After being shelved for nearly a year, a bill meant to limit Medicaid payouts for abortion is back – and it’s missing a component that made it more agreeable to the Legislature’s social moderates.
Last April, something unusual happened. Sen. Berta Gardner, a member of the tiny Democratic minority caucus, offered an amendment to a bill, and Republicans adopted it.
Some even spoke out in favor of it:
SEN. LESIL MCGUIRE: I think this is exactly the right amendment for the right bill, because I think it allays some of the criticisms about the bill – number one – and I think – number two – it strikes that balance that many of the people in this body are trying to reach.
The amendment was to expand women’s health services, and the bill had to do with abortions covered by state money through Alaska’s Medicaid program.
The legislation does that by defining what constitutes a “medically necessary” abortion, and requiring doctors to check off what ailment a woman suffers from a list of specific physical conditions. That list doesn’t include a mental health exception, because bill sponsors believe women and doctors could use that option to cover elective procedures.
In all, the idea behind the modified bill was to bring the number of abortions in the state in two ways: by limiting funds for abortions that bill supporters think are elective, and by increasing access to things like birth control and STD testing.
While the Senate passed the bill, the House version was put on ice. That is, until now. The House Finance Committee took the bill up again on Tuesday, and the family planning language was a point of contention. Especially for bill sponsors like Sen. John Cohill, a Repulican from North Pole.
COGHILL: I prefer not to have the amendment in there.
And Rep. Gabrielle LeDoux, an Anchorage Republican:
LEDOUX: That could be something that could be considered in budgetary talks, but I don’t believe that it is appropriate as an amendment to a bill that which is simply trying to define what the term “medically necessary abortion” is.
Before debate on the bill began in earnest, the House Finance Committee voted eight to three to strip the language, mostly on caucus lines. Republican Lindsey Holmes joined Democrats Les Gara and David Guttenberg in voting to keep the family planning section.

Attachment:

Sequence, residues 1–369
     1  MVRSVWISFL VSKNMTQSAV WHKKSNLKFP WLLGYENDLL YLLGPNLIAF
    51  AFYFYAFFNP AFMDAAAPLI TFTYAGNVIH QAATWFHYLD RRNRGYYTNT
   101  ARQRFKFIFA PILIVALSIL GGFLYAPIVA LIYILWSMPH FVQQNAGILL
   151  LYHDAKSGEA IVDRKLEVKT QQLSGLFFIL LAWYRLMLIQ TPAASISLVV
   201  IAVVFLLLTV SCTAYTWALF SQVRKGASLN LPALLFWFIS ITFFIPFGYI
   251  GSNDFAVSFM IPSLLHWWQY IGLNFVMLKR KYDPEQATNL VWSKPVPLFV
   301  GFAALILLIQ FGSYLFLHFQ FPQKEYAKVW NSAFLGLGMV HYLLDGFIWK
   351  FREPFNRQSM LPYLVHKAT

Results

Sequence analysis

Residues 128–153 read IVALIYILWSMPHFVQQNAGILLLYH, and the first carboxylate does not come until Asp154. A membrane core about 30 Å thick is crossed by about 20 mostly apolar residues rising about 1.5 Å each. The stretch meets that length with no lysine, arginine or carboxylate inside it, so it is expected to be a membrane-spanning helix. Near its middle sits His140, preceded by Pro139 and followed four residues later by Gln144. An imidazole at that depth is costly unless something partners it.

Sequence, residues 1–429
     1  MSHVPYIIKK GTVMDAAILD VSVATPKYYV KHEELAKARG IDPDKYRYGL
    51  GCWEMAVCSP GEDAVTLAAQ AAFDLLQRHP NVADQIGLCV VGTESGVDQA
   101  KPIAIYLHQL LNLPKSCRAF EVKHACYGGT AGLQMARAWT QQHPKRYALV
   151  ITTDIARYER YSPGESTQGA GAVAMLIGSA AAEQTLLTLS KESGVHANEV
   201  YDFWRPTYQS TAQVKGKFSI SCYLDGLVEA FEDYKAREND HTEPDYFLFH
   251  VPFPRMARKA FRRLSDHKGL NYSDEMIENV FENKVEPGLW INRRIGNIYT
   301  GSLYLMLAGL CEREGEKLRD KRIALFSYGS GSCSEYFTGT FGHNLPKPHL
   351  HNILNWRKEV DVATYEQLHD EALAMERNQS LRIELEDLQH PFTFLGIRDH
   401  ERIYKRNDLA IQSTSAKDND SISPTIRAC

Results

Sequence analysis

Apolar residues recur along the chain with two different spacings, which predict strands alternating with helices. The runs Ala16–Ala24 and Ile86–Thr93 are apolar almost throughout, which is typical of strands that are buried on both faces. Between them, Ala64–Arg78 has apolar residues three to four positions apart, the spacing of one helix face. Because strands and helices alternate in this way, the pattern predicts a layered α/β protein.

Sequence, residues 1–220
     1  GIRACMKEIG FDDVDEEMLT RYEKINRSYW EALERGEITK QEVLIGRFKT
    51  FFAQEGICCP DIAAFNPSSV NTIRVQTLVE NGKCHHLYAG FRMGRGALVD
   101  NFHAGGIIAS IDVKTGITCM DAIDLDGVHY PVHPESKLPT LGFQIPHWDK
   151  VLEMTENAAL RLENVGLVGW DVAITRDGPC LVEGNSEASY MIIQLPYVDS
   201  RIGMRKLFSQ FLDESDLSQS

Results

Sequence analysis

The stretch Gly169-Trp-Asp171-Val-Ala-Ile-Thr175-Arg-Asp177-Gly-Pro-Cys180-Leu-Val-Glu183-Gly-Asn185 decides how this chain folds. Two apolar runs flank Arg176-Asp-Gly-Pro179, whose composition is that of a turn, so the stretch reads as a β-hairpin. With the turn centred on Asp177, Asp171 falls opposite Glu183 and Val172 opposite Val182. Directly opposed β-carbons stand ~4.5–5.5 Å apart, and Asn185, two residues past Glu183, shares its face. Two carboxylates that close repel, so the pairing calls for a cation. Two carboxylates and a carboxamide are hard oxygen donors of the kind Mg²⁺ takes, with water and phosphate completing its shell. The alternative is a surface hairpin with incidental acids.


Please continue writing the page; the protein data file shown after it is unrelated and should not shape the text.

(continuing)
During a break from the hearing, Gara expressed his disappointment to reporters.
“The science and the evidence is that family planning can reduce the number of abortions,” said Gara. “By stripping that language out of the bill, they now have a bill that will increase the number of abortions.”
Democrats still plan on trying to reinsert the family planning component of the bill. The issue of family planning was discussed at length after its removal, and Finance Co-Chair Bill Stoltze suggested he would allow members to introduce an amendment on that subject as a matter of process.
But through the course of the hearing, LeDoux reiterated that she was hostile to the amendment.
“If it’s the will of the Legislature – if it’s the will of the Finance Committee – to increase funding for Medicaid, to increase funding for family planning services, then let’s talk about this in the Health and Human Services budget. There’s no need to ‘Christmas tree’ this particular bill, which is a simple bill, with discussion of family planning services.”
If the family planning language isn’t attached to this bill, it may be a struggle to get it in during the normal budget process. While the federal government would pay for 90 percent of the costs of the Women’s Health Program, the state would need to spend $1.4 million over the next two years to access those funds.
Sen. Pete Kelly, a Fairbanks Republican who is in charge of the Senate’s version of the operating budget, doesn’t believe there’s much will to add that in.
“I prefer that that’s not in there. To put it in as a budget item, I don’t see that happening,” said Kelly.
Under current Alaska law, only pregnant women and people with disabilities can access family planning services. The family planning amendment would expand access to low-income men and women who are seeking to prevent pregnancy. A report from the Guttmacher Institute estimates that would prevent 1090 unintended pregnancies and 360 abortions.
Last year, 1,450 abortions were performed in Alaska, and 547 were covered by Medicaid.
Earlier this month, the Alaska Department of Health and Social Services made a similar attempt to define the term “medically necessary” in the context of abortion payments. Their regulations cover nearly the same conditions listed in the bill, but they also allow for a mental health exception. A judge prevented the regulations from going into effect after Planned Parent sued the state, arguing that the regulations violate a 2001 Alaska Supreme Court decision.